General Question

2davidc8's avatar

Where do they get the "land" for landfills?

Asked by 2davidc8 (10142points) March 15th, 2018

For example, in the San Francisco Bay Area, the city of Foster City (population 34,175 in 2016) is said to be totally on “landfill”. Where did they get this much land to allow for such a city, and how did they prepare all that land so that buildings, roads, etc. could be built on it?
Just wondering.

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12 Answers

Lightlyseared's avatar

Landfill is rubbish, waste garbage. All the stuff you’re not going to recycle. You dig a big hole in the ground and put rubish in it, then you put the top soil back.

2davidc8's avatar

But that would be too soft to build on, no?

imrainmaker's avatar

It can be reclaimed land also from sea / any large waterbody if it’s shallow.

zenvelo's avatar

Foster City was built on tidal marshes. As part of the construction, sloughs were widened and dredged, and the soil that was dredged up was put on top of the marshland.

Dirt was also recovered from construction sites. A lot of dirt for Foster City was available from the creation of lots for the Mills Estate subdivision in nearby Burlingame, and also in the San Mateo Highlands neighborhood.

kritiper's avatar

Much of the “landfill” was building debris from the 1906 earthquake.

stanleybmanly's avatar

I have vague memories of the 60s when all the land between 101 and the bay was full of citrus groves, fruit orchards and other crops.

2davidc8's avatar

@zenvelo But how did they compact the debris, dredged soil, garbage, marshland, etc., enough to build tall buildings on the resulting “land”?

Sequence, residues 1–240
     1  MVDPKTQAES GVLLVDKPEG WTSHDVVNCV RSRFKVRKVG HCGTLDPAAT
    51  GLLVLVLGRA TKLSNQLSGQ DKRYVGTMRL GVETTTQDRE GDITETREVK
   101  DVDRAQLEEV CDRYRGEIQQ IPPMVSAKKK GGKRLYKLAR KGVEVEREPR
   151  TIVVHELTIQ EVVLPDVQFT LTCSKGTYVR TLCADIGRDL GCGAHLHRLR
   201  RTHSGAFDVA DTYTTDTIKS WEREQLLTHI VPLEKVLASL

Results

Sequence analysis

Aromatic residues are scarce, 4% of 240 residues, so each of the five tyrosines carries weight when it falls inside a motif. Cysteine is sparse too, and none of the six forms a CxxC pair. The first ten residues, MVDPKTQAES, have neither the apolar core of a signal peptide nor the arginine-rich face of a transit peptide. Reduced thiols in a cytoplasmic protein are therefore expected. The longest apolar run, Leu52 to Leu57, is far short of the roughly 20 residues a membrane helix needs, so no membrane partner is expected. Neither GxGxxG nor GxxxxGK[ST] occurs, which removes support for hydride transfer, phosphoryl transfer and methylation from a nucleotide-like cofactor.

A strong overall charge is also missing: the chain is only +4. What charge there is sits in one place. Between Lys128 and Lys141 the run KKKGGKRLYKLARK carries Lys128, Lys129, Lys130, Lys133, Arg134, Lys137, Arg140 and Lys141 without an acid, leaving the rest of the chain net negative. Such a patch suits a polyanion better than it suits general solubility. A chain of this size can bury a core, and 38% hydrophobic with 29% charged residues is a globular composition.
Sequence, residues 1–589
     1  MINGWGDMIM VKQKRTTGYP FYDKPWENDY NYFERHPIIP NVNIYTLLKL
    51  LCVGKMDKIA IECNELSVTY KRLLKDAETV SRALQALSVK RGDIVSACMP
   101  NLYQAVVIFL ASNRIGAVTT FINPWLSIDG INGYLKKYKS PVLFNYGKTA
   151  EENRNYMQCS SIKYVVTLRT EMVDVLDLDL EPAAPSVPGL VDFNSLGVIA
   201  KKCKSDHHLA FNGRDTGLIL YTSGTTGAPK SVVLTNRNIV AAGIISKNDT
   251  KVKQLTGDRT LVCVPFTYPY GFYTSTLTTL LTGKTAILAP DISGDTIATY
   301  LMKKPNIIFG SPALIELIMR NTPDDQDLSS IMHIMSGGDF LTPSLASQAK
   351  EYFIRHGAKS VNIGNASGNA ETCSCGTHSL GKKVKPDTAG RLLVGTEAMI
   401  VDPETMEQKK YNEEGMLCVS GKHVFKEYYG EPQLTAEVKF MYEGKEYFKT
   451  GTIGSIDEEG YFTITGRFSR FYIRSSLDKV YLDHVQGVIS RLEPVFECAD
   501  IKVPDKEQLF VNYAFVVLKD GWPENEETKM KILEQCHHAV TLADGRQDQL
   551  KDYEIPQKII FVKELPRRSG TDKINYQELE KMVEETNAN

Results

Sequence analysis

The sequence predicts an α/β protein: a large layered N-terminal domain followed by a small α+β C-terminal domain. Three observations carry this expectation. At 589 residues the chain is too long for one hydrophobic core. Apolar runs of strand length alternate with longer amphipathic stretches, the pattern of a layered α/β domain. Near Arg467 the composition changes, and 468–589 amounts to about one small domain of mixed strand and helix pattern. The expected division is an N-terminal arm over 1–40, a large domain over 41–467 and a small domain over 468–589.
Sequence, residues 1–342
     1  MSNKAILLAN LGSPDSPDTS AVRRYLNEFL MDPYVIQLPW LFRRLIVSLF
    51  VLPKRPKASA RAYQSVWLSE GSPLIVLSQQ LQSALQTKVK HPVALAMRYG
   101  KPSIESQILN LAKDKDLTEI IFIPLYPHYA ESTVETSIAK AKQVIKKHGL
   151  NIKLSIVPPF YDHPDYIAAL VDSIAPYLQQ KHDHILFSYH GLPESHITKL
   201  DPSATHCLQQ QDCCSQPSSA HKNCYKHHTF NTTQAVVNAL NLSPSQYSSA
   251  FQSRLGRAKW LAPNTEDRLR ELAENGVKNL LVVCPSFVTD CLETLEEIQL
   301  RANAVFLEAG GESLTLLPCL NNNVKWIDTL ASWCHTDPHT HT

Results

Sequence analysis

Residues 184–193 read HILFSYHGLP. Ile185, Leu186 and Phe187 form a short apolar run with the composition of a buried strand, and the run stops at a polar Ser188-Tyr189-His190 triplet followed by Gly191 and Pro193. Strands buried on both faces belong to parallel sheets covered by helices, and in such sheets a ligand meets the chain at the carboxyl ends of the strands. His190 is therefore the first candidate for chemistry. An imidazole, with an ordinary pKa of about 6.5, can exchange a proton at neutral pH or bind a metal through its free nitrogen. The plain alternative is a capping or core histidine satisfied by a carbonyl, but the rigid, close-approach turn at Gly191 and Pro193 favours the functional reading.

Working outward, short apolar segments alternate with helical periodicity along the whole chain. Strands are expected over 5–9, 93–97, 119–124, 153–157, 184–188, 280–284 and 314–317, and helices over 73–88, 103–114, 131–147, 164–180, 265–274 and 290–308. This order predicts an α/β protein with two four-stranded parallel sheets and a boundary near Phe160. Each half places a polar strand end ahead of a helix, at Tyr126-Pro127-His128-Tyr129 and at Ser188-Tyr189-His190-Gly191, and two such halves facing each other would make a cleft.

zenvelo's avatar

@2davidc8 Dump the dirt, then run a bulldozer over it to spread it out, repeat over and over again. The office buildings were built on piles that were driven pretty deeply.

Foster City wasn’t built on debris from 1906; but much of the Marina District and Crissy Field in San Francisco were.

There was a report out just this week that in addition to preparing for rising sea levels, much of the Bay Area landfill areas are also sinking.

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2davidc8's avatar

I heard that in Hong Kong they keep building out to the sea, such that what was once oceanfront property will have a tall building in front of it a few years later!

johnpowell's avatar

In the Willamette Valley we have banging soil from the Lake Missoula floods. In some places you have to go down about 100 feet to hit bedrock. In Eugene it isn’t that bad but We have limits to about 65’ per building. There are taller buildings but they would never be approved now. Sadly.. Our tallest building is actually a retirement home. The hardest people to evacuate in the event of a emergency.

kritiper's avatar

In our area, they take some useless hilly land and, starting at the bottom, they dump refuse, then cover it, mix it with dirt, compact it. They may get this dirt from another hill and truck it in to mix, and they use the dirt that is at hand by digging it up to make the valley (hole) bigger. They just keep this process up until the valley where they started becomes a high, rather flat area, Sometimes they form the top of the filled area to look like the area surrounding the site. Actually, here the “dirt” is more like muddy sand when wet. The first area they filled this way took about 35 years to fill.

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